We all want to provide care that meets the need of the patient. However, within the demands of dentistry today with fees being lowered by insurances, costs of doing business going up, and the high aesthetic IQ of the patient, we must meet those needs with as much efficiency and predictability as possible. Also, there’s that internet thing.
Patients often come in to the office these days after being self “educated” online. As often said, a little knowledge can be dangerous. You can find all kinds of videos on YouTube, even done by dentists, warning patients to stay away from “crowns, do veneers instead so the dentist won’t grind your tooth away”. Indeed. I have always taught and lived by the mantra “Do the most conservative dentistry possible meeting the long-term needs of the patient”. Obviously, nothing new here for you either.
In this case, the patient wanted “veneers” after doing a bit of internet “research”. Because of large fillings, recurrent decay, and several endos, full coverage was indicated. (Fig 1-2) We just had to do a bit of higher education, if you will. We show high quality photos on a large monitor and try to re-educate the patient letting her know that we always want us to do conservative but our ultimate goal is long lasting satisfaction.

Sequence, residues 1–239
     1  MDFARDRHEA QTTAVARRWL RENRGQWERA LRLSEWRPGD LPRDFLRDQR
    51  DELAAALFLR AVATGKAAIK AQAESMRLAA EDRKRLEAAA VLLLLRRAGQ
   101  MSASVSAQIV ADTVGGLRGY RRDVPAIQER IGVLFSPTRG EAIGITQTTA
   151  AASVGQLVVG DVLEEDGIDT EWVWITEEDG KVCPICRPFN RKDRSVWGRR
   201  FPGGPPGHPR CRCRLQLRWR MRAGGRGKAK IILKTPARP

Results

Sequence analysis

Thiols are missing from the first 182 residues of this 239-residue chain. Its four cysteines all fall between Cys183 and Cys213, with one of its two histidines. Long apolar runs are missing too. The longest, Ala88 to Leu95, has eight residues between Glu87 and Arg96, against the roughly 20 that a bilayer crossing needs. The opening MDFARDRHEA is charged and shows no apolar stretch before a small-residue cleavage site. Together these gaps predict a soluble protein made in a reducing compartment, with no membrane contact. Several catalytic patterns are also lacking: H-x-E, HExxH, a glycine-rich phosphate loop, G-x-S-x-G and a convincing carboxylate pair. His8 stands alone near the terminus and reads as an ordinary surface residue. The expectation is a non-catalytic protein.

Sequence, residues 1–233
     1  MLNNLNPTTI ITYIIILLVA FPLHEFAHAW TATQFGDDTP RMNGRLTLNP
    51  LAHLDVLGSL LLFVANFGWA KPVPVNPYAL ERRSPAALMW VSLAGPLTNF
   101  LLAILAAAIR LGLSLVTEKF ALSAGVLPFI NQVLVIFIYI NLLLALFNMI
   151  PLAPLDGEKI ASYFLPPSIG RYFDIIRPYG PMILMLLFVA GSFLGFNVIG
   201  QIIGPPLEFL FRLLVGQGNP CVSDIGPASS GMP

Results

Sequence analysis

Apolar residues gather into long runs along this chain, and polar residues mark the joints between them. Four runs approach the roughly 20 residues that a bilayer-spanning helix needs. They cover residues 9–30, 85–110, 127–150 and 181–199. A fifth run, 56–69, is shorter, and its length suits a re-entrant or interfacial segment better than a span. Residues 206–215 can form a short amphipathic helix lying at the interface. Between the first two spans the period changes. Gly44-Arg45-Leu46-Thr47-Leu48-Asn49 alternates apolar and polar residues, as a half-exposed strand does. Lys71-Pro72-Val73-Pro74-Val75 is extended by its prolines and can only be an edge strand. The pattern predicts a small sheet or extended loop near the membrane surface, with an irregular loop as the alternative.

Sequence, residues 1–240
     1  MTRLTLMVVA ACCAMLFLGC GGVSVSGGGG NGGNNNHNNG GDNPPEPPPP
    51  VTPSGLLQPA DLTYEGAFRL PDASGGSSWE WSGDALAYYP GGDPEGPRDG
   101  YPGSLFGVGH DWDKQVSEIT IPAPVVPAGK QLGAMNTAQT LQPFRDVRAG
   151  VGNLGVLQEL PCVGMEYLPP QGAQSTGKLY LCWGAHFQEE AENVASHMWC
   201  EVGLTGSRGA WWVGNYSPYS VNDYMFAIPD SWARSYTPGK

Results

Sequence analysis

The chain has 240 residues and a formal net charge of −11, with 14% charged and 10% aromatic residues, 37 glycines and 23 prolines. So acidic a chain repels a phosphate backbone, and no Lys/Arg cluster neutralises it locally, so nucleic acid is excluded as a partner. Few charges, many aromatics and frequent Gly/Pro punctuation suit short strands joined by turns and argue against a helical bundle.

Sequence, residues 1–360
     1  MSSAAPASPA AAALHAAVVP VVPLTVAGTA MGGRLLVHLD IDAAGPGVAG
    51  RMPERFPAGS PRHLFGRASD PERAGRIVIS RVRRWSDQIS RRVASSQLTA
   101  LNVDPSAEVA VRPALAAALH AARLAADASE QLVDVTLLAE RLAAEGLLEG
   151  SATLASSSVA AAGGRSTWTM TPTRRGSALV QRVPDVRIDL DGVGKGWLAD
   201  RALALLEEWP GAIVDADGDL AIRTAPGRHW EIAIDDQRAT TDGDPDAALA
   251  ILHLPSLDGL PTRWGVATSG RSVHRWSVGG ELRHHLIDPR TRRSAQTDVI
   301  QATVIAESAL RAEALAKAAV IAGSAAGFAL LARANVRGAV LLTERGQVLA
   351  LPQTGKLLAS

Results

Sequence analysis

Records were taken with impressions, measurements, and pre-op shades. (Fig 3-5) Another reason to be careful letting patients dictate treatment is the occasions surprise. For instance, on tooth #9, underneath her previous veneer, there was a good amount of tooth missing. (Fig 6) It could have been broken, large filling, or maybe just over prepped. At this point it doesn’t matter but certainly influences what types of restorations are best likely to give long lasting success. The preparations were finished, shades taken, and impressions done. (Fig 7-9)
The PAC laboratory did an excellent job with zirconia restorations with some layering porcelain for character. (Fig 10) An advantage of zirconia based restorations is that cementation can be done from almost any class including self-adhesive resin, resin modified glass ionomer, and even more traditional cements. The teeth were cleaned with pumice mixed with chlorhexidine, isolated, and restorations tried in. Because of proteins, phosphate, and other contaminants, the zirconia is cleaned with a zirconia cleaner (Zir-Clean, Bisco) to ensure maximum adhesion.
Bioactive/regenerative cements are commonly used today to provide an environment of better tissue tolerance and healing with potentially less sensitivity. We used a regenerative cement in this case (TheraCem, Bisco). This cement gives excellent retention, easy clean up, and results in a terrific aesthetic result. (Fig 11-15)
If you have questions about my article or if you would like to send a case, please contact the Pacific Aesthetic Laboratory Group at www.pacificaestheticdentalstudio.com, Gary Vaughn, CDT, CTO, (888) 461-3331, or via email gvaughn@thePAC.org.